Charity Commission Investigate Schools Merger

Arguments are far from resolved over the proposed merger of King Henry VIII and Bablake Schools, which is due to be actioned physically from September and already well advanced in the planning.
The news that the Charity Commission have opened what they call a ‘fact-finding compliance case’, has raised the temperature more than a little.
Julia McNaney, the Chair of Coventry School Foundation’s governors, the body which controls both schools already, is confident that the Charity Commission will be satisfied with how the governors have acted and has made an implied criticism of campaigners against the merger, whose concerns have brought about the Commission’s involvement. However she has as yet not answered questions about how the merger decision was arrived at which were raised with her 5 months ago by the Old Coventrians Association, which represents 4000 former King Henry VIII pupils as well as staff and parents.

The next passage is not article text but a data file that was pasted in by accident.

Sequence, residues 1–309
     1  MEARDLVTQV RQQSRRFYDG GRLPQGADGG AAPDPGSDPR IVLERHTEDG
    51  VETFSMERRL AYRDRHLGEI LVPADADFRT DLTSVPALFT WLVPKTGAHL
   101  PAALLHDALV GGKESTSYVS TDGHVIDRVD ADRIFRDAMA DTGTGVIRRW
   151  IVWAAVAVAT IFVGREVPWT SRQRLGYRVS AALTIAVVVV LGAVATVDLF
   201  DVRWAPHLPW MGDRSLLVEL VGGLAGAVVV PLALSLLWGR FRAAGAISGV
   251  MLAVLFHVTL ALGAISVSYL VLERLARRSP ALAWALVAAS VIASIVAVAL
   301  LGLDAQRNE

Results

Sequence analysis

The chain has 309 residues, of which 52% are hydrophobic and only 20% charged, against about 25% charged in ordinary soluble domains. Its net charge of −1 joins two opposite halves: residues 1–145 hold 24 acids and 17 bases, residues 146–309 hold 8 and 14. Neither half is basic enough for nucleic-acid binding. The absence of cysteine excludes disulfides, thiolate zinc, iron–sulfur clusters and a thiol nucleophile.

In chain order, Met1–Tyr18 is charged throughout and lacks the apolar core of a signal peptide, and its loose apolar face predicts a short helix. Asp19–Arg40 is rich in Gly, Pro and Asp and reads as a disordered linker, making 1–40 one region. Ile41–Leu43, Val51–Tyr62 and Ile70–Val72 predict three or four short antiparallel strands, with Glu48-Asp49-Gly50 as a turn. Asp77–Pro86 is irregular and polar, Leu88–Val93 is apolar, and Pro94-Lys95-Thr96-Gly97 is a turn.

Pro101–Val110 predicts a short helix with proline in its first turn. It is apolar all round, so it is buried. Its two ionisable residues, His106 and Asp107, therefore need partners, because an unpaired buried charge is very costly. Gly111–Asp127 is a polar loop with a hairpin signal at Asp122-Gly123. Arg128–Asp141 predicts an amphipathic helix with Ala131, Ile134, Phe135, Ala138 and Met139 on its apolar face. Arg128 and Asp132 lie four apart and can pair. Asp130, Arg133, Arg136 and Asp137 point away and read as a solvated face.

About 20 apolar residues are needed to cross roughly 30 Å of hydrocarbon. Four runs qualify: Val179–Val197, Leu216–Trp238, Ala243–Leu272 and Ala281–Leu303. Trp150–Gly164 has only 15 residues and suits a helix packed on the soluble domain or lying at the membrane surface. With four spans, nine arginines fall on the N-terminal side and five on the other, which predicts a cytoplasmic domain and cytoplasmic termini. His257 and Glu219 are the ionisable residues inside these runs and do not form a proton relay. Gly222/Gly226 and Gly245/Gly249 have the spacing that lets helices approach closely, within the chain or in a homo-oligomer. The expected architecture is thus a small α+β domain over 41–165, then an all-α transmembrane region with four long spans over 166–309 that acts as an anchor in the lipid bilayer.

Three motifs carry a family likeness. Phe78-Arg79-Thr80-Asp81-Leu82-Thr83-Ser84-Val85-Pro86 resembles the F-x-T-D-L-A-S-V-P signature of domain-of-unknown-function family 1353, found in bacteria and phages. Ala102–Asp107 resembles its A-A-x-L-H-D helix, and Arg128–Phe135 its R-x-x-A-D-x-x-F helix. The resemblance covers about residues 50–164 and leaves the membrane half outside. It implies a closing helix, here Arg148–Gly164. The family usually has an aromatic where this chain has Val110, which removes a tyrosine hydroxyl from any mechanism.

Parents, staff and the wider school community, including people with a Bablake background, remain angry and upset and some of the protestors believe that the whole merger process should be paused until the Charity Commission have delivered their findings. There is a strong feeling that notwithstanding the Foundation’s commitment to co-operate, the Commission would not have started their investigation if it did not appear that there were issues. These may include when and how key decisions were taken, and the fact those decisions were taken with a below strength governing body with unfilled vacancies after resignations.
The status of the merger project from the Coventry School Foundation’s point of view can be found at the website: Coventry School but other than confirming that the Swallows site in Kenilworth Road will be sold at the end of the current academic year there is still little there to inform the general public about the implications for the ECHO area in terms of this site, and in the longer term, the King Henry VIII site in Warwick Road.